If You Took Tylenol While Pregnant, You Can Add ADHD To Your Worry List

shutterstock_145779146Do you know what I hate most about pregnancy? The immense, constant, unrelenting PRESSURE. If you don’t do it perfectly, if you make one tiny misstep even with the best of intentions, your baby is not going to develop properly or something even more terrible will happen, and it will be all your fault.

Trust me—I’ve slogged through pregnancy guilt with the best of them. It doesn’t help matters that studies are constantly being released that confirm the importance of your pregnancy decisions. On the one hand, it is critical to educate women on prenatal care and pregnancy risks. On the other hand, many women now see pregnancy as a field of landmines that is almost impossible to navigate without making a terrible, fatal mistake.

So, here’s the latest research to add to your pregnancy and postpartum worry list. Pregnant women that take Tylenol may have been misinformed about the safety of acetaminophen. A new study reports that:

Children of women who took the drug during pregnancy were about 40% more likely to be diagnosed with attention deficit hyperactivity disorder than children of mothers who took none.

The probability of a child developing ADHD symptoms severe enough to require medication increased the most — by 63% — when his or her mother took acetaminophen during the last two trimesters of pregnancy, researchers found. It also rose by about 28% when acetaminophen was used in the third trimester alone. The added risk was smallest — about 9% — when a pregnant woman reported taking the drug only during her first trimester of pregnancy.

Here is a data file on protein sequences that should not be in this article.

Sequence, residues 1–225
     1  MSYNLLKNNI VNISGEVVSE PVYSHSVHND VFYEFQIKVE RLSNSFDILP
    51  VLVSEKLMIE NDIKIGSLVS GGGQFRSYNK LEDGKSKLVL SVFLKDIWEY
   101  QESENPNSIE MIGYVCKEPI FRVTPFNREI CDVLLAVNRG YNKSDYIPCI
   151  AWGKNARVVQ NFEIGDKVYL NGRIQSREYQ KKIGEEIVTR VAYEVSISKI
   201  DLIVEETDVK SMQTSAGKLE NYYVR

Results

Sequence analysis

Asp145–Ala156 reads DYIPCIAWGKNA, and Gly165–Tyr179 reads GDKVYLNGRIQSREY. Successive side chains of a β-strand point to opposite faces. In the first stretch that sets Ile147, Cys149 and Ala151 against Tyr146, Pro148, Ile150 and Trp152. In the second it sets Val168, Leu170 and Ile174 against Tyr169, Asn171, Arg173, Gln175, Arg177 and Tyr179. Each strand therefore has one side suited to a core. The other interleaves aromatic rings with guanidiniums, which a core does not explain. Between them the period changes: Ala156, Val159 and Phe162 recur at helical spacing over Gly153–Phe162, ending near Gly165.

40% is a significant number, so this information is good to have. I personally did not take Tylenol while pregnant because I rarely ever take over-the-counter or prescription medication. However, I was not a pregnant saint. I did my research and chose to drink two glasses of wine a week while pregnant, after weighing the basically nonexistent risk—backed by research.

My point is this. No pregnant woman does everything by the book, least of all me. It’s great to have this information so that doctors may now advise pregnant women against taking Tylenol. However, pregnant women that have already taken the drug will likely be wracked with guilt. I personally am glad to be done with pregnancy for good because the pregnancy no-no list keeps getting longer every year.

(Image: Grekov’s/Shutterstock)

You can reach this post's author, Bethany Ramos, on twitter.
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    • AP

      I thought doctors told women to take Tylenol when pregnant because Advil was unsafe for the fetus. (Source: Every pregnant woman I’ve ever talked to.)

      So…now Tylenol is dangerous too?

    • Elizabeth

      This probably sounds a bit crotchety-old-grandma of me, but this combined with the This American Life episode about how many people die from taking SLIGHTLY TOO MUCH acetaminophen makes me terrified to ever use it again.

      • Bethany Ramos

        My in-laws told us an anecdote about all of these kids dying from Tylenol OD and then were like, Bye! Um… thanks for nothing!

      • Jell

        I read about this too but acetaminophen is the only painkiller I can take. What I do is buy the regular strength pills (it’s ridiculous that this seems less marketed and harder to find than extra-strength), so that I only ever take 325mg at a time.
        The problem isn’t the drug itself, it’s the doses it’s marketed in and the way it’s dosed. A person should always take the smallest dose of a painkiller to start with and then more if there is no response. There’s just no need to take 2 extra strength pills at a time for your first dose. 1000mg at a time? No way.

    • Missy

      Please please please read the rest of that article. Specifically this part:

      “The latest study, published Monday by the journal JAMA Pediatrics, does not establish that prenatal exposure to acetaminophen caused the observed increase in diagnosed hyperactivity disorders, prescriptions for ADHD medications, or emotional problems in children reported by parents.”